Alex Proyas’ Knowing is a far braver and more intelligent film than many will give it credit for. It deals with that eternal, unanswerable question – do we really have free will or is the universe pre-determined? Do our actions alter the events of the future, or have all our decisions already been planned by some higher power? It’s a question that creates implications of gargantuan religious and scientific proportions. And no, the new Nicolas Cage film doesn’t answer it. However, Knowing is one of the most entertaining, and dare I say it, thought provoking sci-fi films of recent years.
Cage stars as astrophysicist John Koestler, a widower who has made peace with the seeming randomness of the universe. His son Caleb (Chandler Canterbury) is too young to have any definitive cosmic beliefs, but is willing to accept that anything is possible. At the 50th anniversary of Caleb’s school, a time capsule is lifted from the ground, and the contents are distributed amongst the students. Caleb is given a sheet of paper filled with numbers, furiously handwritten in no apparent order by a young girl fifty years earlier. John spots a pattern – the date of a specific disaster, followed by the number of people killed, and finally the exact coordinates of the event.
He obsessively checks every number, and every major catastrophe of the past fifty years is accounted for. His scientist friend (Ben Mendelsohn) reminds him that numerological patterns can be found in almost anything. He makes a good point, although in this film, it falls on deaf ears. With three disasters supposedly still to occur, Koestler finds himself questioning his ability to change the inevitable, and also his place in the universe. Wait, just three disasters left? Just as the film’s tagline says, what happens when the numbers run out?
While Cage hasn’t been the most reliable actor in recent years, he has always been a likable one. The acting in the film is uniformly bad, but Cage manages to provide a captivating anchor in a story that is much larger than any one man. Rose Byrne is tremendously unbelievable as the granddaughter of the girl who originally wrote the numbers, and the child actors are unfortunately, pretty unconvincing. What keeps Knowing from falling into Wicker Man territory however is the phenomenal direction by Alex Proyas. Although he doesn’t quite have a handle on his actors, his visual eye is extraordinary. Knowing features what is possibly the best ever plane crash in film history and Proyas captures it all in one 3-minute take on hand held camera. There are two other major set-pieces that are equally jaw-dropping. A film that only cost $50 million to make should not look this amazing.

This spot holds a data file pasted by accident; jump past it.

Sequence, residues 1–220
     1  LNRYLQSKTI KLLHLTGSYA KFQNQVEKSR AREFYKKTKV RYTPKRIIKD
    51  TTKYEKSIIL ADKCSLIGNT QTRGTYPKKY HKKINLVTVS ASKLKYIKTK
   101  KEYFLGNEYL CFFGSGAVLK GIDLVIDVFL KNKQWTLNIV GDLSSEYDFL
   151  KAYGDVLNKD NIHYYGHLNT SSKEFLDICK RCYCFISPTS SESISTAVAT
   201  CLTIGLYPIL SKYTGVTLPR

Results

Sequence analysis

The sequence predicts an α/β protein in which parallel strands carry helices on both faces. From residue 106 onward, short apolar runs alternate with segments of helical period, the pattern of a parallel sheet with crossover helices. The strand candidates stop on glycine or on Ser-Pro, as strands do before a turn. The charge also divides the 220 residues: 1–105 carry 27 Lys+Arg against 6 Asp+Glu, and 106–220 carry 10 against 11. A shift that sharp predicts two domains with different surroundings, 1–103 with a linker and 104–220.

The storytelling is also masterful, with breadcrumbs of the shocking finale littered throughout the film. Knowing manages to be intriguing, and constantly surprising – which is probably as ironic a film about predestination can be. Therefore it’s such a shame that the film’s ending will probably send most viewers out of the cinema in either tears of laughter, or furrowed brows of incredulity. Neither are deserved. The film is a puzzle, and not necessarily a solvable one. Why should every movie have to be completely understood by the time the credits roll? Part of the fun is talking it out in the car ride home; attempting to wrap your head around the film’s ideas, and where that sits amongst your own beliefs. I’m three days into my analysis of Knowing, and I’m still figuring it out. And I love that I haven’t quite yet.
Yes, I am fully aware that Knowing has been completely drubbed by critics around the world. It currently holds a depressing 31% on Rotten Tomatoes, and I have a feeling that a lot of that hate is based on the film’s ending. Despite what the trailer may imply, Knowing is a science-fiction film, and easily one of the most provocative made of late. If you’re not one to have an open-mind, than any sci-fi can seem ridiculous. A film that can stimulate my mind to the point that I cannot think of anything else is worthy of praise. The acting may be a problem, but some films are so special they deserve a pass here and there. Knowing is about faith; the belief that one day the mysteries of the universe will be explained to us, and the knowledge that anything is possible.